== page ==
March 10, 2016 — The School of Education at the Hebrew University of Jerusalem will be named the Seymour Fox School of Education in honor of the School’s former head and an innovative leader whose impact has benefited education in Israel, the United States and around the world.
“Seymour was an esteemed leader and visionary educator,” said Hebrew University of Jerusalem President Professor Menahem Ben-Sasson. “In naming our School of Education in his honor, we wish to acknowledge the profound influence he had on our university, and his lifelong passion for education and the institutions he built.”
A dedication program will take place on Monday, March 14, 2016.
The university also announced the creation of the Fox Family Chair for Teacher Education at the Seymour Fox School of Education, which will be added to the recently established Morton L. Mandel Directorship of the Seymour Fox School of Education and the Marc Besen Family Chair.
David Fox, one of Seymour Fox’s sons, said: “My family is deeply humbled by this dedication in honor of our father. His commitment to education remains an inspiration for teachers, students and other leaders in Israel and the Jewish community around the world.”
Seymour Fox Biography
Seymour Fox served as the head of The Hebrew University of Jerusalem’s School of Education for 14 years, beginning in 1966. During his tenure, he demonstrated his creativity and entrepreneurial spirit by introducing new programs for early childhood education and curriculum writing, establishing the Melton Centre for Jewish Education and hosting visiting U.S. and European educational scholars at the School of Education. He believed in inspiring educators to creativity through a clear and intelligible vision. Indeed, many of Fox’s students have become leaders in Israeli and Jewish education worldwide.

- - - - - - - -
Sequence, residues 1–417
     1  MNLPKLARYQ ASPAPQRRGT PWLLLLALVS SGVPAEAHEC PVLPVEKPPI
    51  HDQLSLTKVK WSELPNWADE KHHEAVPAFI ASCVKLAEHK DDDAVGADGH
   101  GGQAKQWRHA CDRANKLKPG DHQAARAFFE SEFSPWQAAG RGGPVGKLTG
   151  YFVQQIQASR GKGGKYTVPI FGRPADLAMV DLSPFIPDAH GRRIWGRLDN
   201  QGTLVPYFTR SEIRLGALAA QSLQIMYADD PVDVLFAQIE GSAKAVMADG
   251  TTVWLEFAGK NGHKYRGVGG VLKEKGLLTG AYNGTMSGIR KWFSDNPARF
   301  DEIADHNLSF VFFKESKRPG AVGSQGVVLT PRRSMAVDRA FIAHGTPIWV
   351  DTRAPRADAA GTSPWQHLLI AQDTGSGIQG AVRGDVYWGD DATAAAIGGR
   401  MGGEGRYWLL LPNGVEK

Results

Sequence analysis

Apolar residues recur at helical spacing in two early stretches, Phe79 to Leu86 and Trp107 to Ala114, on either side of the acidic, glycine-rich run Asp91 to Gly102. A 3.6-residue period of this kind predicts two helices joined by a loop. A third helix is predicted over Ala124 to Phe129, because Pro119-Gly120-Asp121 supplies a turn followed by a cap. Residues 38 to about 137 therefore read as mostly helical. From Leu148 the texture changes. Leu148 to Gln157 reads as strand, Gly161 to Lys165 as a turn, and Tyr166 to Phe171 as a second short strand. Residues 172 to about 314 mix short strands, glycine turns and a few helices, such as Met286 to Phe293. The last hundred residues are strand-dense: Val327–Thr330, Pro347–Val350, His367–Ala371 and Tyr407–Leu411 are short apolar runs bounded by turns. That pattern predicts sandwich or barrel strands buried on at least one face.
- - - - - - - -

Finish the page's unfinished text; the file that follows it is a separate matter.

Prior to his leadership role at Hebrew University, Fox attended the University of Chicago, where he obtained his Ph.D. He set out to study medicine, but switched to educational studies after coming under the influence of Jewish philosopher Simon Rawidowicz at the University’s College of Jewish Studies. In 1956, Fox was ordained at the Jewish Theological Seminary of America and began his work with the Seminary’s Teachers Institute, where he later became dean.
In the years that followed, Fox was instrumental in developing and growing Camp Ramah, a network of Jewish summer camps in the United States, Canada and Israel, considered the “crown jewel” of the Conservative Movement. For thousands of Jewish youth, Camp Ramah has been a seminal experience in developing their commitment to Judaism and to leadership within the Jewish community.
Later in his career, Fox served as the first president of the largest foundation for Jewish education in the world, the Jack, Joseph and Morton Mandel Foundation – Israel, and founded with Mort Mandel the Mandel Leadership Institute. He also served as an adviser to Ministers of Education in Israel.
Fox passed away in 2006, at the age of 77. He was often described as a “larger than life” figure known for his energy, his powerful personality and his innovative thinking. His influence on Jewish education around the world has been called “inestimable,” in terms of the financial resources he raised, the institutions he founded, and the intellectual contributions of the general education and Judaica scholars he brought together to advance Jewish education.